How to Take Better EDC Photos in 7 Easy Steps

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So you’ve finally put together an EDC you’re proud of. Your bases are covered, you’ve found your favorite gear, and now you’re ready to share it with the world. All that’s left is taking a photo that does your carry justice. If you’ve tried and every attempt ends up looking like this somehow, this guide should help. You might want to chalk it up to just having a bad camera, but with a few easy tips, you can drastically improve the quality of your photos with the equipment you already have on hand.

Here are two photos of the same EDC—one taken with an iPhone 6s, the other with a $3500 DSLR setup. Can you tell the difference?

Not so easy, is it? The DSLR shot’s up top, and the phone pic is on the bottom. Here’s the secret: it’s all in the setup. Keep these tips in mind before snapping your next EDC submission and you’ll be getting double digit Likes in no time. Pick up your best camera or your phone (don’t worry if it’s not in the photo, your phone case makes a great stand-in), and follow these steps:

1. Let There Be Light: Head for the Nearest Window

Lighting is probably the most important part of taking a good photo. Smartphones are much more capable in bright light than they are in the dark. When your photo isn't properly lit, you may encounter slower shutter speeds (blurry photos), high ISO settings (super grainy photos), and low depth of field (some things in focus, others aren't). It's much easier to avoid the nitty gritty camera setting talk, so start off by finding a well lit area. Mother nature tends to provide some of the nicest light, so set up on a table near a window, or outdoors in indirect sunlight. If your only free time for a photoshoot is after the sun has set, grab a lamp (or two) with a soft white shade or an affordable diffused LED light panel.

2. Make Your Gear Pop With the Right Background

Look for something with high contrast to make your gear stand out. If you've got all-black-everything, use a lighter backdrop. If you're rocking a more traditional carry with wood and brass, try laying it out on something other than a woodgrain background. In a perfect world, you'll have a nice, flat surface to work with that's right by a natural window light, but we know that's not always the case. If you have a wood cutting board (I recommend this one), bring it over by the window to use as both your flat surface and your visual backdrop. Another option that both looks cool and helps you with your knolling (more on that later) is a cutting mat. They're flexible plastic sheets with a grid printed on them that makes it super easy to get the spacing between items just right. Plus, they add a cool technical look to your gear photos.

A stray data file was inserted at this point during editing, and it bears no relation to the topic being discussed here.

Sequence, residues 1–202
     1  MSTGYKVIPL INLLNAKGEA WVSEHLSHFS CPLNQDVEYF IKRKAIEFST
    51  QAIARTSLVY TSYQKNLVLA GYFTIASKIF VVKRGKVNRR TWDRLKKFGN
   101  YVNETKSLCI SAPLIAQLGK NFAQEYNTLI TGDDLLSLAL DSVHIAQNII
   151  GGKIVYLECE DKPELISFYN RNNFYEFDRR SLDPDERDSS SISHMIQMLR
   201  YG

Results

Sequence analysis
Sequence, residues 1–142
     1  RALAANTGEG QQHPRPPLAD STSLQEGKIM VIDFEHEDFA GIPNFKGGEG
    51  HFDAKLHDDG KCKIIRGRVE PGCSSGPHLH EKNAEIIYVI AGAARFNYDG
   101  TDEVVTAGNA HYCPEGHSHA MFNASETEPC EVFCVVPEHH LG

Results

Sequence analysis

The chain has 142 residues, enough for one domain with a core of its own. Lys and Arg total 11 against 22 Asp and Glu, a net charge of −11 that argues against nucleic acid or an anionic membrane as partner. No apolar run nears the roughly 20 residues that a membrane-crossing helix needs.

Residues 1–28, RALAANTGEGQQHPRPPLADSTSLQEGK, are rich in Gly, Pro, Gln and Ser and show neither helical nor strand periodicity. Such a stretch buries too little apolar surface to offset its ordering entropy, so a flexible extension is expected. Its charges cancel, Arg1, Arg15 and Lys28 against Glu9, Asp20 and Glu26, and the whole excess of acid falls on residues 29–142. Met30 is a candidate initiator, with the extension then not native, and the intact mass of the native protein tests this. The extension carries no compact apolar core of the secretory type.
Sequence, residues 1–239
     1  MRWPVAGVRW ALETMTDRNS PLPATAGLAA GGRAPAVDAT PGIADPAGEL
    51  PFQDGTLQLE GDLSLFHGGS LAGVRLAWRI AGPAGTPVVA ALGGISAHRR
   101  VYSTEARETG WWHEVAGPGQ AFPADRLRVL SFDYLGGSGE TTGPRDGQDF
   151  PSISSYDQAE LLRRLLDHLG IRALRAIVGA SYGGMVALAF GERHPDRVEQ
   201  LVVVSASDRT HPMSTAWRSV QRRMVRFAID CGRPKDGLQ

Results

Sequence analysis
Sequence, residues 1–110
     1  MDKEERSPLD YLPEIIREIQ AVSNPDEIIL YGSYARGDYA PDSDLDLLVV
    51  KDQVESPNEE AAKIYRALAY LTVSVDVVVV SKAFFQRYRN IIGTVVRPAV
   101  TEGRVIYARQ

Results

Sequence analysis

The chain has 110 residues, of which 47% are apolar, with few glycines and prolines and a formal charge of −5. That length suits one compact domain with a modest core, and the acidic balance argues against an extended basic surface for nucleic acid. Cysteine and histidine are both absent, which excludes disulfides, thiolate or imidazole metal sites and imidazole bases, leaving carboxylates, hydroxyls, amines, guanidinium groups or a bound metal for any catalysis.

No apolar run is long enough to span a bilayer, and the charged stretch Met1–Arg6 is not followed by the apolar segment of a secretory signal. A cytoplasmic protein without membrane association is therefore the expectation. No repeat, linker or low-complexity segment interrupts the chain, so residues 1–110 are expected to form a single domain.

3. Show Off That Wear, But Keep It Clean

It doesn’t hurt to clean off your gear. We all love seeing a well-worn wallet, patina'd brass, and a hard-used knife, but the finger prints on your phone screen and blade can go. Snag a few microfiber cloths to keep your gear clean and lookin’ good without scratching it up. Smudges and dirt, even in the background, can be distracting. The goal here is to let your essentials shine.

4. ABK: Always Be Knolling

Did you know there's actually a name for arranging your gear at neat right angles? It’s called knolling, a term coined by a janitor at a prominent furniture fabrication/design shop in the late 1980s. This can be tough to get just right, but it’s one of the most visually striking ways to present your carry. Here are some quick tips to make it easier: Line everything up at right angles. “Blocky” rectangular objects like wallets and notebooks can help frame the rest of your essentials if you put them in the corners. Try to keep long, narrow objects like pens, flashlights, and open knives running parallel to each other. Round or irregularly shaped things can fill space towards the center of your EDC without throwing off the hard edges you’ve already set. Lastly, space things out evenly so your gear doesn’t look too cramped or not cohesive enough (Editor’s Note: Think of it as real life Tetris, but with much more practical pieces).

5. Get Your Angles Down